Warship HMS Birkenhead

Warship HMS Birkenhead. 1852: The Birkenhead Drill: “Women and children first!“

1852: The Birkenhead Drill: “Women and children first!“

At the time of her launch in 1845, HMS „Birkenhead“ was the largest iron-hull warship in the British Royal Navy. She had been built at the John Laird shipyard in the town of Birkenhead, England, as an hybrid sail/steam ship with three masts and twin paddle wheels. 

She was converted into a troop transport in 1851 and left Cork, Ireland, on January the 7th 1852, under the command of Captain Robert Salmond with a special mission: to bring reinforcements for the Eighth Frontier War against the Xhosa people in the Cape of Good Hope region. On February the 26th (170 years ago), at about two o’clock in the morning, the ship struck an uncharted rock off Danger Point south of Hermanus. The hull was ripped open. Those soldiers who were not trapped by the waters below decks were able to help man the pumps and lower the lifeboats. Only three of the eight boats were clear. The women and children on board were ordered into one of the boats. Half an hour after the „Birkenhead“ ran aground, she broke apart and began to sink. Captain Salmond ordered all who could swim to jump overboard to reach shore. However, Lieutenant Colonel Seton, the commander of the 74th Royal Highland Fusiliers, begged his men to disobey or the dinghy with the women and children could be swamped. Then he had them line up on deck. Everyone persevered. The tradition of „women and children first“ had been documented before but. Of the 638 people on board, only 193 survived, but among them were all the women and children. The event received a lot of attention worldwide in those days. This supported the spread of the Birkenhead Drill.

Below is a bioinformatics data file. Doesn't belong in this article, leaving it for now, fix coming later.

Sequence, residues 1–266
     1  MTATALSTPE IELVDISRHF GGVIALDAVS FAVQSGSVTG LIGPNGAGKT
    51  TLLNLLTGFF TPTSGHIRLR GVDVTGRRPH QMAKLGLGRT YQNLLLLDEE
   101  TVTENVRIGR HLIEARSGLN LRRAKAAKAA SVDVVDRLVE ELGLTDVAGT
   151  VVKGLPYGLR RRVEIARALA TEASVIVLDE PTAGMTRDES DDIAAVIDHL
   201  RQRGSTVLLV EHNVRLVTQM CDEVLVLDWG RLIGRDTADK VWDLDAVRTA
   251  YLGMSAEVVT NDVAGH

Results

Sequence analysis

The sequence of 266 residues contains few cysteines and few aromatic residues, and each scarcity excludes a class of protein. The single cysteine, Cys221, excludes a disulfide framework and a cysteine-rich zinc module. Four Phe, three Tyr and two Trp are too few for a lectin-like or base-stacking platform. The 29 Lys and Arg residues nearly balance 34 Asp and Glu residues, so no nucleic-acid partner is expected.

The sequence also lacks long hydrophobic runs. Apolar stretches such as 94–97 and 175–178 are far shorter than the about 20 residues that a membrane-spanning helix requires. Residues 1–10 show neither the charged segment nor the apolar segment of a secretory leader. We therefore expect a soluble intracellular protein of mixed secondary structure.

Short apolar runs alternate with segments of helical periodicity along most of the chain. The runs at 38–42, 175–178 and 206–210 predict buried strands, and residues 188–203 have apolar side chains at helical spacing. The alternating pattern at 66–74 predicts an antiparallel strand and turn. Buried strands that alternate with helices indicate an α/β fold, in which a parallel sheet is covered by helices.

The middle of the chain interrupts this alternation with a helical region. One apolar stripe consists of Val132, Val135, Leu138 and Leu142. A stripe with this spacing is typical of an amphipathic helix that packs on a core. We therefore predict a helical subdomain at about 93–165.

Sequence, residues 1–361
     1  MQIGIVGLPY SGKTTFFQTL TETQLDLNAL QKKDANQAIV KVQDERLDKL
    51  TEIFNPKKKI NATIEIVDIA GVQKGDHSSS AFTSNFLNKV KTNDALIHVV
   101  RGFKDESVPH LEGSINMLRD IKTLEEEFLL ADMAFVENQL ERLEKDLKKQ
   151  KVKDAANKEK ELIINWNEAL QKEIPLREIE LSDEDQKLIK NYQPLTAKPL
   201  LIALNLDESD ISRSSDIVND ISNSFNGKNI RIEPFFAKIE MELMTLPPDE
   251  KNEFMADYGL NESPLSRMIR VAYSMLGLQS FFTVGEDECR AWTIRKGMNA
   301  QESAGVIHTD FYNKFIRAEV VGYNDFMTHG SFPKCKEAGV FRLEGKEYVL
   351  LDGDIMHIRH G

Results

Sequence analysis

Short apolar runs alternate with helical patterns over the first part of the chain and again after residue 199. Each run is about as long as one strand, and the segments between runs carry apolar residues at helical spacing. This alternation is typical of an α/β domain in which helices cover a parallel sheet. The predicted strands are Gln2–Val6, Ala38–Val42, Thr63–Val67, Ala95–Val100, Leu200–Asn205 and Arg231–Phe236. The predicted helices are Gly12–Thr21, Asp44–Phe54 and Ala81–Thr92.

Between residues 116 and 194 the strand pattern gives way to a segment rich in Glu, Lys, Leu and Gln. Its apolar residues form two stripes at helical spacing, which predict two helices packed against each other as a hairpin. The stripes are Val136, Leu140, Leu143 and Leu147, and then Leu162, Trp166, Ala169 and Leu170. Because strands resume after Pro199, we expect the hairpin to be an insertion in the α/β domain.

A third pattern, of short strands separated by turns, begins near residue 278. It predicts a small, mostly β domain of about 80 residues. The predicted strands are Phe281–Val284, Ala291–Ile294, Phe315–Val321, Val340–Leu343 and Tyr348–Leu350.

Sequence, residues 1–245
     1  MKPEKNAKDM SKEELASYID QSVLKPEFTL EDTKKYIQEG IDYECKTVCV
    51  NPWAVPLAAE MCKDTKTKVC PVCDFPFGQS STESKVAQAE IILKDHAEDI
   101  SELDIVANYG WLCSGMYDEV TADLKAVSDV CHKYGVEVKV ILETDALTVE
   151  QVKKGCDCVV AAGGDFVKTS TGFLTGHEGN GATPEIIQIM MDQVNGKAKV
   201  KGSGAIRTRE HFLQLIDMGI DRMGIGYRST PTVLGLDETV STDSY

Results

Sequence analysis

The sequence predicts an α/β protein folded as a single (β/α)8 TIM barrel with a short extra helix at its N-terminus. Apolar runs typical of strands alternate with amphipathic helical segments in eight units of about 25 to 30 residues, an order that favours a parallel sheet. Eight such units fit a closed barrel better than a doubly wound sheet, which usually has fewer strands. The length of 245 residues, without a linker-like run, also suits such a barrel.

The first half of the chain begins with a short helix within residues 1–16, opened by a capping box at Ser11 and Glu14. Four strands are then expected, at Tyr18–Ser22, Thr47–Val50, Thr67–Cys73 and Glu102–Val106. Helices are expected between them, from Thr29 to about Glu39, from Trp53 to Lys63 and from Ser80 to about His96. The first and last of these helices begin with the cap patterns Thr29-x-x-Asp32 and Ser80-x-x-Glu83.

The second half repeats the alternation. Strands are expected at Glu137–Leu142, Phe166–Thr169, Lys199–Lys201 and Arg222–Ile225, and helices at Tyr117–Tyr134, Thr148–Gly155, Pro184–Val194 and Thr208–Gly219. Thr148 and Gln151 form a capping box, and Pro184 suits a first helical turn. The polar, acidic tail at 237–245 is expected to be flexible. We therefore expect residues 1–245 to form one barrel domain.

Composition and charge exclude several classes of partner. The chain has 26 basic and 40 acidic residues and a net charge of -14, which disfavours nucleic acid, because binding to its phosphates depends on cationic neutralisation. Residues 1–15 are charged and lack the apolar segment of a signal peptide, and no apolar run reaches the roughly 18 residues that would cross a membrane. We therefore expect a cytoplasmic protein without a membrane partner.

The Birkenhead Drill never became maritime law and was unevenly applied since. After the sinking of the RMS Titanic in 1912 and with the subsequent creation of the SOLAS international safety rules, every ship must have the capacity to evacuate every person on board in case of accident.

The parts of HMS Birkenhead’s wreck were kindly loaned to the museum by Mr. Sven Heymann and are currently displayed in our section dedicated to safety at sea on deck 6.